- Decide on the layout of the cork flooring prior to beginning of the installation.
- Remove any trim work, such as baseboard, quarter rounds, or shoe moulding.
Tools and materials
- Rubber mallet
- Rubber spacers
- Tape measure
- Tapping block
- Saw/Tile cutter
- Drywall sander
- Duct tape
- Pull bar
- Adhesive and notched trowel (for the glue down cork flooring)
Laying floating cork flooring
- Preparing the subfloor – Ensure the lack of lumps and imperfections by sanding the surface or applying a ‘skim coat’. As the unglued seams of floating planks can absorb water, a moisture barrier can prove to be useful. Unroll a plastic, tar paper or vinyl moisture barrier over the subfloor and staple it down. In the case of a concrete floor, use duct tape to secure the barrier.
- Laying the floating cork planks – Start installing the cork planks one row at a time, leaving a 1-2 cm gap between the edge of the planks and the walls. Snap the planks together using a tapping block and rubber mallet to lock the tongue of one piece into the groove of another.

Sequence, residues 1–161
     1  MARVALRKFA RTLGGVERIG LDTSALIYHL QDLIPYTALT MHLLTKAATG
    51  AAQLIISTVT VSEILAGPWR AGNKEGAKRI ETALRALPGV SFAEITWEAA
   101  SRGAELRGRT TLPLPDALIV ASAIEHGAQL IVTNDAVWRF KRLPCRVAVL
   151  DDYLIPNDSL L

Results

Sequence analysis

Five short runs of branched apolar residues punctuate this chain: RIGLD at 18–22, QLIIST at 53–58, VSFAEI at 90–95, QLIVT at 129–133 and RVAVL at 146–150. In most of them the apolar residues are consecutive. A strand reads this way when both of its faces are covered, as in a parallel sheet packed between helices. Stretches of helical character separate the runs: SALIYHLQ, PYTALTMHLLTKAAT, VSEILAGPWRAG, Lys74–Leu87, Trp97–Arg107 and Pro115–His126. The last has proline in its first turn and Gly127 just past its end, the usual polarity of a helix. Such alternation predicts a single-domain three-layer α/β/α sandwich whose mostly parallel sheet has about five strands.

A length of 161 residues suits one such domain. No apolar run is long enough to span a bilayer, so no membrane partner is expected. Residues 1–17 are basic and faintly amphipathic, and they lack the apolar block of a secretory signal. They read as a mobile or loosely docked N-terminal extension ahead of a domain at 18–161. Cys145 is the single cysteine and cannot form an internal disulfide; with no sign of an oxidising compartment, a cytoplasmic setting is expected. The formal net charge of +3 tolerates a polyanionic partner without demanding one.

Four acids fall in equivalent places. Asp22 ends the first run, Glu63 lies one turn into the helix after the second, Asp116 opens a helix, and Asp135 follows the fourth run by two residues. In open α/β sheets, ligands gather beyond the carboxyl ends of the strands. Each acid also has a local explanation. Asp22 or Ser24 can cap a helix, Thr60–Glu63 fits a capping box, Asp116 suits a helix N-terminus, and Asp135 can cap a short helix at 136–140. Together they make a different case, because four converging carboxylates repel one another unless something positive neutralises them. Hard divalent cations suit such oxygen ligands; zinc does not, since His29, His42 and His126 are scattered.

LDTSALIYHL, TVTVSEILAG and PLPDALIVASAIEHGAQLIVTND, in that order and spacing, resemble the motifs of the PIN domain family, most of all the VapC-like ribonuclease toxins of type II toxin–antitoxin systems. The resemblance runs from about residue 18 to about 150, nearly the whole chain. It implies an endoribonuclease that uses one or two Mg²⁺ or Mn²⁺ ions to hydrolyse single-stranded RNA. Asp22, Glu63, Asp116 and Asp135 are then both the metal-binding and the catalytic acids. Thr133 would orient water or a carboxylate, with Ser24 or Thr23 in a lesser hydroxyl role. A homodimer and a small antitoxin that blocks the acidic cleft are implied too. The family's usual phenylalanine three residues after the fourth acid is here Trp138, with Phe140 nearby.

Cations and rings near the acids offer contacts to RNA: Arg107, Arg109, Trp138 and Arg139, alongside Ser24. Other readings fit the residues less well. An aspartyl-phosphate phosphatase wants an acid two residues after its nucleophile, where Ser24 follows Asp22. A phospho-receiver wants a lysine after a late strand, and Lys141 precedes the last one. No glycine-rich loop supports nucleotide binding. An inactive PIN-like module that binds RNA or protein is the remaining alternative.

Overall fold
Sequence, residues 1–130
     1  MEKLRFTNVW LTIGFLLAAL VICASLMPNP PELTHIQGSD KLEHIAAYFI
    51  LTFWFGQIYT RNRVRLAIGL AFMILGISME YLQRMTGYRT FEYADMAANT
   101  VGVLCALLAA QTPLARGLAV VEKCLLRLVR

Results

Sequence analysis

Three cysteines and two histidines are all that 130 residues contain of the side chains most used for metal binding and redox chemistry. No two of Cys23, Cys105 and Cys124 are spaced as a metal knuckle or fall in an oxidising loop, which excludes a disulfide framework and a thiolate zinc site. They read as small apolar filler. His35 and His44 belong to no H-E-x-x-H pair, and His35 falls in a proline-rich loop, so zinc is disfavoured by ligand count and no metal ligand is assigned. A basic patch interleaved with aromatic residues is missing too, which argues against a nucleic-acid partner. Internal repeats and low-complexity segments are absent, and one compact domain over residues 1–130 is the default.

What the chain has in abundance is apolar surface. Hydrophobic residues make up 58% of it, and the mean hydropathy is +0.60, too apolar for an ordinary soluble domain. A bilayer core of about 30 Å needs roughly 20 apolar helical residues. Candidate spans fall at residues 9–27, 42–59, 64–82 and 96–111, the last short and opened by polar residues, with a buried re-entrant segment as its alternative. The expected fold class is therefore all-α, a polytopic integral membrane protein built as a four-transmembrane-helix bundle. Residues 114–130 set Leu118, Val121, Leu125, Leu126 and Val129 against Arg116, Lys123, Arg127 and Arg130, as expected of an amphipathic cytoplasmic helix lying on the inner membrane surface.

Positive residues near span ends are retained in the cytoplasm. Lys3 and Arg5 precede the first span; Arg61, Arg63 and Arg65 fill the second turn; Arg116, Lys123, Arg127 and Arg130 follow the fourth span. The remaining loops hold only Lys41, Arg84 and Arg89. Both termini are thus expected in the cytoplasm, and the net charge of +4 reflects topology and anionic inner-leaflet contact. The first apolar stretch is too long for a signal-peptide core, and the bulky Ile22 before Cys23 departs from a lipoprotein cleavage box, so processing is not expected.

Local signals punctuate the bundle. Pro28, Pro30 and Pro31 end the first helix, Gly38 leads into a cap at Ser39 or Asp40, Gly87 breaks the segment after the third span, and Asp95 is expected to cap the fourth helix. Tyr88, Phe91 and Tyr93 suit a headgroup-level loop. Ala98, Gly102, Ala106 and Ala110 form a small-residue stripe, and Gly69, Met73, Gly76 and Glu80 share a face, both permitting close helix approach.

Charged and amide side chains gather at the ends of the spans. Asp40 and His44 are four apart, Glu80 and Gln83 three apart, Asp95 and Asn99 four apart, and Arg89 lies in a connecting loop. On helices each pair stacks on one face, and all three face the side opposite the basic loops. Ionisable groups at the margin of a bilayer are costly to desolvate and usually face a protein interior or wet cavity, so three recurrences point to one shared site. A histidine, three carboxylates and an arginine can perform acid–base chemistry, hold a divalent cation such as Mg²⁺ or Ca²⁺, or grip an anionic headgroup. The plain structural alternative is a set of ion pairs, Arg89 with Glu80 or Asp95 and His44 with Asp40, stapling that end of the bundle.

- Installing the last row – Angle each cork plank and place it on the floor. With a pull bar, lock it into place. When needed, cut and trim the cork planks using a saw or tile cutter to size them down into a proper fit.
- Finishing touches – Consider applying some polyurethane to make your floating cork flooring last longer. Use baseboard to cover the planks’ edges and nail the floor down. Finally, step back and enjoy your new beautiful floor!
Installing glue-down cork flooring